Danielle Tarento has
done it again – this time in the guise of a European première of the 2012 award
winning American musical
As ever Tarento has assembled yet another winning team of cast and creatives
Based on the 1991 feature film of the same name, Dogfight tells an intimate, tender and inevitably heartbreaking story of identity, fear, compassion and growth. During shore leave in San Francisco one night, there’s a Marine party happening – and we get the impression it’s somewhat of a tradition. The Jarheads each put their money in the pot and then find the ugliest girl they can as their date – and that’s the Dogfight. Winner takes the pot. Centring on Eddie, a basic trained, arrogance-fuelled Marine awaiting deployment and Rose, an undesired, plain waitress who’s idealistic in a broken and confused world. Set against a juxtaposition of the Vietnam War and the Haight-Ashbury district of San Francisco, it is an touching tale of non-judgement. What sets Dogfight apart from this age old story is its beautiful simplicity and heartfelt humanity.
Peter Duchan’s book is clean, precise and precious. The story unfolds with great ease and keeps you focused on the matter in hand. What struck me is his cleverness not to make a dramatic meal of the Dogfight itself but more to the emotions that it evoked. Subtly underplaying what could be cod all-American musical drama and drawing our attention to the cogs ticking over inside the central characters. This then delightfully and pleasingly intertwines with the score and the inevitable, most welcoming musical moments.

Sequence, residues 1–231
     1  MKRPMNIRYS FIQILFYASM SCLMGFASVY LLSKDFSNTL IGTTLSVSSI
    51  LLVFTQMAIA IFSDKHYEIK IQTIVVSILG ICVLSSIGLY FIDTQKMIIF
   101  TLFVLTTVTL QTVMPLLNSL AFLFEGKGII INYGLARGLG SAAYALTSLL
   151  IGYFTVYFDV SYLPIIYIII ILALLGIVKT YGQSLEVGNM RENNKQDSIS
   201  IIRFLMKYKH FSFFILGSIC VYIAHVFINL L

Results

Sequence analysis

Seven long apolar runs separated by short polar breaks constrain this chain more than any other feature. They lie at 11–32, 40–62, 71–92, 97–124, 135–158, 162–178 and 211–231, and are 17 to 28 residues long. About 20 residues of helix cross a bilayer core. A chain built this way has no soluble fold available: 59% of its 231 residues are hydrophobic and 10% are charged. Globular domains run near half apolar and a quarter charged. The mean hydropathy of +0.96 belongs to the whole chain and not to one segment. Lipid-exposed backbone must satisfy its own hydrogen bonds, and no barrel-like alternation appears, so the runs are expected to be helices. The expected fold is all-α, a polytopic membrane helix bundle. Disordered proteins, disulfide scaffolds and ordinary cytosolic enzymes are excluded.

And how refreshing they are. Benj Pasek and Justin Paul have provided the perfect and most delicate musical accompaniment. Both credited for music and lyrics, they manage to smoothly direct and indulge your attention with melodic joy. Nothing is out of place here, although there is not much in the way of depicting the era, it doesn’t matter. What they have cleverly delivered is a satisfying world of its own. The understated spirit in which they have described is simplistic, earnest and trustworthy.
As ever Tarento has assembled yet another winning team of cast and creatives, this time around with Matt Ryan in the director’s chair. His careful handling of the intimacy is commendable and the proceedings unfold in regimented fashion. The decision to explore the slightly darker sides of this story, give the rendition a much edgier and welcomed feel. A cracking set design and build by Lee Newby – the huge construction of the Golden Gate bridge works boldly as a statement piece.
With a perfect cast everything is delivered to the millimetre. The talent that Tarento assembles to each of her productions is so joyous and invigorating – this one truly is deserved of the full standing ovation it received. We must take a moment though to discus, applaud and generally bow down in honour to the wonderment that is Laura Jane Mathewson, whom I hear, Tarento accidently stumbled upon one night at the Phoenix Artiste bar. A star is born in the role of Rose, this young lady oozes talent with great demur, her vocal gleefully glides like a swan upon a lake of majestic musical myrrh.
Dogfight is an extraordinary production and delivers everything you would expect and more. Its slightly gutting that it wasn’t born here in the UK first, under Tarento’s watch. Definitely not to be missed, a unique and deserving musical to be experienced by all. A sturdy notch in the Southwark Playhouse and Tarento collaborative bedpost.